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The Business of Healthcare Innovation
It is not the strongest of the species that survives, nor the most intelligent that survives. It is the one that is the most adaptable to change.
The sections in this chapter deal with a common set of topics: horizontal consolidation, merger and acquisition (M&A), advantages of size, economies of scale and scope, diversification, and industry concentration. These topics all interrelate around the fundamental issue in industrial organization: how best to organize firms and markets in order to achieve optimal economic performance?
Consolidation has been rampant in most sectors of the healthcare industry since the 1980s and 1990s. Indeed, the industry was the second most active in terms of M&A activity (behind finance) between 2008 and 2009. In the pharmaceutical sector, the prior decades had been a time of growth and consolidation, as companies leveraged both size and scale in bringing drugs to market. The current landscape, however, is one of new challenges requiring new approaches to their solution. Companies are faced with internal pressures of declining pipeline productivity and compressed timelines, external pressures of patent expiry and pricing, and the uncertain implications of healthcare reform. Accompanying this evolution of challenges has been an evolution in the strategic approaches taken by pharmaceutical companies to best position themselves for success in the upcoming years.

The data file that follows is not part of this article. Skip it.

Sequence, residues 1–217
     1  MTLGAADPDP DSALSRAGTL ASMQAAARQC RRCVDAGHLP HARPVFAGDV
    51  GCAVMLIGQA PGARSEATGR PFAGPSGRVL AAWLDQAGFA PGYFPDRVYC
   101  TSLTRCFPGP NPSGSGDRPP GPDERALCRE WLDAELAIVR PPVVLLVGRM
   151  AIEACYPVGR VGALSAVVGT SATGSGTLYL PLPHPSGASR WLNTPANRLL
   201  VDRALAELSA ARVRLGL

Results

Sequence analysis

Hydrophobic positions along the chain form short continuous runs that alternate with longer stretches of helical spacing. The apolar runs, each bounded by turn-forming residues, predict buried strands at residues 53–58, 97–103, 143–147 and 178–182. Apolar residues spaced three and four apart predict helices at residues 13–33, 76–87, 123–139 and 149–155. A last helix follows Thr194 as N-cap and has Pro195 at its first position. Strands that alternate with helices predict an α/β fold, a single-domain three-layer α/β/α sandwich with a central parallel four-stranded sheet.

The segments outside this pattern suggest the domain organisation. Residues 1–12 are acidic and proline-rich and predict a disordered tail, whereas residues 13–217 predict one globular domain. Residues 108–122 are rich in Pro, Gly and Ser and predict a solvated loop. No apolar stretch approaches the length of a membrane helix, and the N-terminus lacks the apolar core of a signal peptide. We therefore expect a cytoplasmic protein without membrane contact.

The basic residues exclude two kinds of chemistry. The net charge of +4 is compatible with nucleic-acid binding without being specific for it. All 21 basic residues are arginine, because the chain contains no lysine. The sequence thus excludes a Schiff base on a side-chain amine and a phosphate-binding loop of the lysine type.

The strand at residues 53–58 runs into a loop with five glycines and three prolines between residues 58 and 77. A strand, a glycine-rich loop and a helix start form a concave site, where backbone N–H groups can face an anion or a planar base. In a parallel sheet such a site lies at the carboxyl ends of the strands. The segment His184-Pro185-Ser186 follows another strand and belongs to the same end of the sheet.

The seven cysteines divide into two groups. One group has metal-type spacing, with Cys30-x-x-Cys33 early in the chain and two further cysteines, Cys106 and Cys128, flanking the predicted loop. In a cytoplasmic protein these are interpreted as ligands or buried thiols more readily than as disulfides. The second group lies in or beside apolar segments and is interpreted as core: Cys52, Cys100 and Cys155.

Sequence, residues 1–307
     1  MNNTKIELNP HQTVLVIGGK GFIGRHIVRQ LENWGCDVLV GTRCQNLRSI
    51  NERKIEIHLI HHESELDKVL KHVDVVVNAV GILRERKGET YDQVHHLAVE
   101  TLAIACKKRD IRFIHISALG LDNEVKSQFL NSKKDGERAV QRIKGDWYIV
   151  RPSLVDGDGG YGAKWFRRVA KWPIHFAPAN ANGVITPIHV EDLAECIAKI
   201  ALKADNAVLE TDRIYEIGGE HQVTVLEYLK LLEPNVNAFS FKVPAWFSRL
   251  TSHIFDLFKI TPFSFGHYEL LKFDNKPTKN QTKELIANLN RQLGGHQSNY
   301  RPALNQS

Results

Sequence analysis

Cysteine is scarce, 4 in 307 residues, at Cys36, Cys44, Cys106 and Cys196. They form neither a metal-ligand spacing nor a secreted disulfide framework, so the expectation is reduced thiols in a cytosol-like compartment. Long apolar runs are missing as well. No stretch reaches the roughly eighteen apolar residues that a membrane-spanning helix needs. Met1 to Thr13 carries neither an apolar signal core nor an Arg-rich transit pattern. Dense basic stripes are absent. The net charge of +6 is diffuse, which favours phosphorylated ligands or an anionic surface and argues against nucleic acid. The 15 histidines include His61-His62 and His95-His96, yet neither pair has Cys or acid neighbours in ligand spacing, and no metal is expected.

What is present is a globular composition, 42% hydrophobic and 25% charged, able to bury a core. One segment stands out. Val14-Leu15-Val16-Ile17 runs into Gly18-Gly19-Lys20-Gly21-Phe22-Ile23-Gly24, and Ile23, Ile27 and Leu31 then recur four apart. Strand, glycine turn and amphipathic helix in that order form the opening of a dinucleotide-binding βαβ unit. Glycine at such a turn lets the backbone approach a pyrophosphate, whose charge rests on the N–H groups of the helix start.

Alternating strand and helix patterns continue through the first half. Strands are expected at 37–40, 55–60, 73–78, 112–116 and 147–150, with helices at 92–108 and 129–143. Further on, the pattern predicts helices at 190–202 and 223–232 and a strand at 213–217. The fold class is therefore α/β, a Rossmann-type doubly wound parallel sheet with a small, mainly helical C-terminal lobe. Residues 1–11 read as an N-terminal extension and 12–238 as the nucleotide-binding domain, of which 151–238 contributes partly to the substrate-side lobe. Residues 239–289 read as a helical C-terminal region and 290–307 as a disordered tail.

Burns, L.R., Nicholson, S., & Wolkowski, J.P. (2012). Pharmaceutical Strategy and the Evolving Role of Merger and Acquisition. In Burns, L.R. (Ed.), The Business of Healthcare Innovation, 2nd Edition (pp. 116-193). New York: Cambridge University Press.
Date Posted: 27 November 2017